Tag Archives: Co Founder

Rachel Hulin, Picnic

Rachel Hulin, Picnic

Rachel Hulin

Picnic,
Storrs, Connecticut, 2012
Website – RachelHulin.com

Rachel Hulin is a writer and photographer. Her work has been shown at Jen Bekman Gallery, The Bronx Museum of the Arts, Wallspace Gallery, and The New York Photo Festival. She has written about photography for Photo District News, Emerging Photographer Magazine, Huffington Post, The Daily Beast, and The Faster Times. She is editor and co-founder of The Photography Post. Her first book — A children's photography book about a flying baby — will be published by powerHouse in April 2013.

Vance Gellert

I recently had the great pleasure to co-juror the Portrait Contest hosted by the Santa Fe Workshops.  Over the next several days, I will be featuring the work by several of the winners.  Almost a thousand photographers submitted closed to 4,000 images and the decision process was a tough one.  So many stellar photographs, so I am thrilled to featured these stand-out portraits.
Vance Gellert’s Second Prize Winning Image
 
Nina and Misha, Russian Performance Artists

Vance  received his MFA in photography from
Virginia Commonwealth University. He has been widely exhibited and published and has received numerous grants for
his work including one from the National Endowment for the Arts. He was
co-founder and executive director of pARTs Photographic Arts in Minneapolis where
he also curated exhibitions for 13 years. He joined IFP Center for Media Arts
as photography curator in 2008.



Vance has a natural ability as a portrait photographer, as evidenced in the series below, Real: Artists and Landscapes.  I am also featuring a sampling from his series, Smoke and Mirrors, about ritual and ceremony in health care in third world countries and western clinical practice.

REAL: Artists and Landscapes
Sometime in 1998, I was turned down for a travel grant request to curate a project of photography from Cuba. When I inquired as to what I could have added to make the request fundable, they said samples of my artwork, which was confusing since this was a request to find other people’s artwork. Heeding that advice, I went to Cuba on my own dime to find artists and brought my trusty Hasselblad. I photographed the photographers I interviewed in their studios as well as the environs in and around Havana.

There’s something about visiting visual artists in their studios. It not only yields compelling imagery, I find it creatively inspirational. After leaving the gallery in 2003, I set off on another project to find self-taught artists around Minnesota for interviews and portraits in their studios. The portraits were complemented with images of their environment that were taken on the way to or from the artist’s studio. These were paired with their portraits and a sample of their artwork in the exhibition REAL: Artists and Landscapes.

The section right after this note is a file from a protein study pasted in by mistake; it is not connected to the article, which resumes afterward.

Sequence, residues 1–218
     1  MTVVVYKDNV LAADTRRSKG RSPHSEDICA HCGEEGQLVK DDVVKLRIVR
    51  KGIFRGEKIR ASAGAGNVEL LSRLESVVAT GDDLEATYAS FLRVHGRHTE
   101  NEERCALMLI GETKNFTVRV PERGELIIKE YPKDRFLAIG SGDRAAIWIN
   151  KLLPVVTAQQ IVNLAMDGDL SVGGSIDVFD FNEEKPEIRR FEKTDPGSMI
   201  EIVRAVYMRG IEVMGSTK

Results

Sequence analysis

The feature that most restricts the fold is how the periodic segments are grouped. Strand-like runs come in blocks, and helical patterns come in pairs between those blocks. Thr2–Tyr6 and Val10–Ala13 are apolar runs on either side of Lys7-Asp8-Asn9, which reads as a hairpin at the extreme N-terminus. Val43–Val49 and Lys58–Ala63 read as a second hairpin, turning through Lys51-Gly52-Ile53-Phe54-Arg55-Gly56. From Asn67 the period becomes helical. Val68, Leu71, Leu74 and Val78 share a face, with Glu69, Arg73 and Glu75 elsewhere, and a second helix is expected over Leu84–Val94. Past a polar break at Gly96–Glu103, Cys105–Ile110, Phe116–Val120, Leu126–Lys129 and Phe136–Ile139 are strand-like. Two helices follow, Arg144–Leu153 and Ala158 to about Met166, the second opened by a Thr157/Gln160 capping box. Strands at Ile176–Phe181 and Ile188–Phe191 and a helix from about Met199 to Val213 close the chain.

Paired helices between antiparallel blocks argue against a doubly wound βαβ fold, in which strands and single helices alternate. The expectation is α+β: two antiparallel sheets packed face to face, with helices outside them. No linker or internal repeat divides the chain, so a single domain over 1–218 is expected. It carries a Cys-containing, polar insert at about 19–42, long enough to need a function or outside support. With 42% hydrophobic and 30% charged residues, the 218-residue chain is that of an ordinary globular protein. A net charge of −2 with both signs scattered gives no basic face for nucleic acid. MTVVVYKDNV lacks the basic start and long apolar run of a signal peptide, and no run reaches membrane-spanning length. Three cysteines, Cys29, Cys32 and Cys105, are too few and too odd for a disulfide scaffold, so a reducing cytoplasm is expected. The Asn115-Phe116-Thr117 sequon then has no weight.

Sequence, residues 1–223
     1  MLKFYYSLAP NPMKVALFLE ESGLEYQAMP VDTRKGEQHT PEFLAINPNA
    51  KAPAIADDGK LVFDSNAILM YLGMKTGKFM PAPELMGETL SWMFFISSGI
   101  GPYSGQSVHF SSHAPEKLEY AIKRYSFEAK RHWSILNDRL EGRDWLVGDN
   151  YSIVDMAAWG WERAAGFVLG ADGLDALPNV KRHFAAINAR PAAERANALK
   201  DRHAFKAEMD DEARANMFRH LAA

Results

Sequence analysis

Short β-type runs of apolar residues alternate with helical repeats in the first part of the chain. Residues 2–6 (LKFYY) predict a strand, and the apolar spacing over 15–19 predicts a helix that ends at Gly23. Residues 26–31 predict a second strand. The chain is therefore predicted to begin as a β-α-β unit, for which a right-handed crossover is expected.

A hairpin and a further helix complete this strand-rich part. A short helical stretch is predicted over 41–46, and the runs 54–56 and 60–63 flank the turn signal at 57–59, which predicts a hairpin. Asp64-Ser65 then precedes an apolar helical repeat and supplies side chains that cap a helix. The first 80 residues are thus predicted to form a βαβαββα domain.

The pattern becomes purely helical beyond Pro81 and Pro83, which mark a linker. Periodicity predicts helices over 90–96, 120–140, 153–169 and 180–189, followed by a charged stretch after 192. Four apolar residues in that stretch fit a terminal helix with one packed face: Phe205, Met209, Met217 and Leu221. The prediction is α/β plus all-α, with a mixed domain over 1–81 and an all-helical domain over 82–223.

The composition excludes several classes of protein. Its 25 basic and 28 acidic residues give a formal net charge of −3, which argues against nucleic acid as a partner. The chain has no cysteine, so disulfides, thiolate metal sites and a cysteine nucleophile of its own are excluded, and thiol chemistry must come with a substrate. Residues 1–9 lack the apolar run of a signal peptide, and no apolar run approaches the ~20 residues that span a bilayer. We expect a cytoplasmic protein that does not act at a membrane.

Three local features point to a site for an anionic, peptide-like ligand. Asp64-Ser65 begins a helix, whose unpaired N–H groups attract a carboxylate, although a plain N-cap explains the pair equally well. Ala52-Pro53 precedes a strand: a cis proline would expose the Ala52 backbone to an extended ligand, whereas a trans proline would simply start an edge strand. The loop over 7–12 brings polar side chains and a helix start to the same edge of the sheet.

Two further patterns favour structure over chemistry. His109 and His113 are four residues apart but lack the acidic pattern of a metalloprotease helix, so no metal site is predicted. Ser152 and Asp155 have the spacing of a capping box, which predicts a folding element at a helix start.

Images from Smoke and Mirrors

From the NY Times: When Vance Gellert studied pharmacology
in the early ’70s, he found that a scientific method of systematic observation,
precise measurement and disciplined testing could explain the efficacy of most
treatments. For that matter, it was a satisfying way of explaining much of the
world around him.

Mr. Gellert had always wanted to study the
role of shamanic ritual in enhancing the application of traditional plant
medicines. In 2005, as he approached 60, he resolved to combine his academic
and photographic interests by studying and documenting shamans and other
healers in Peru and Bolivia. He spent 10 months of the next five years living
with healers, studying their rituals and undergoing treatment himself.
Mr. Gellert understood that just because
the spiritual world of the shamans didn’t conform to Western science didn’t
mean that the healing he witnessed wasn’t real. “Scientists generally approach
things quantitatively and statistically,” Mr. Gellert said, “but there are
thing that don’t lend themselves well to that kind of research and
understanding.”
In fact, he was aware of powerful forces at
work; forces he didn’t know how to explain. Photos, it turned out, often served
better than scientific prose to describe what he witnessed — or experienced.

“Since it was invented, photography has
served science as a recorder of facts,” Mr. Gellert said, “but photography also
has subtleties and nuance that can communicate on a different level. When you
start looking at things that are not quantifiable, photography might be an
excellent tool.”

It is difficult to capture spiritual
experience in a photograph. Yet Mr. Gellert’s portraits often suggest powers
lurking just beyond what the eye can see.

The shamans let him into their lives and
encouraged him to photograph their treatments. They had confidence in their
practice and had no qualms about sharing it with a medical colleague, even one
who might occasionally have seemed slow to fully grasp what they were doing.

Though he started his quest
to learn about the relation between ritual and medicine, he came to see
ceremony and ritual as an integral part of healing. “The medicines are the
tool, but it is the process of interaction between healer and patient that is
most important,” Mr. Gellert said.


Jessica Auer, Skogafoss

Jessica Auer, Skogafoss

Jessica Auer

Skogafoss,
Iceland, 2011
From the Re-creational Spaces series
Website – JessicaAuer.com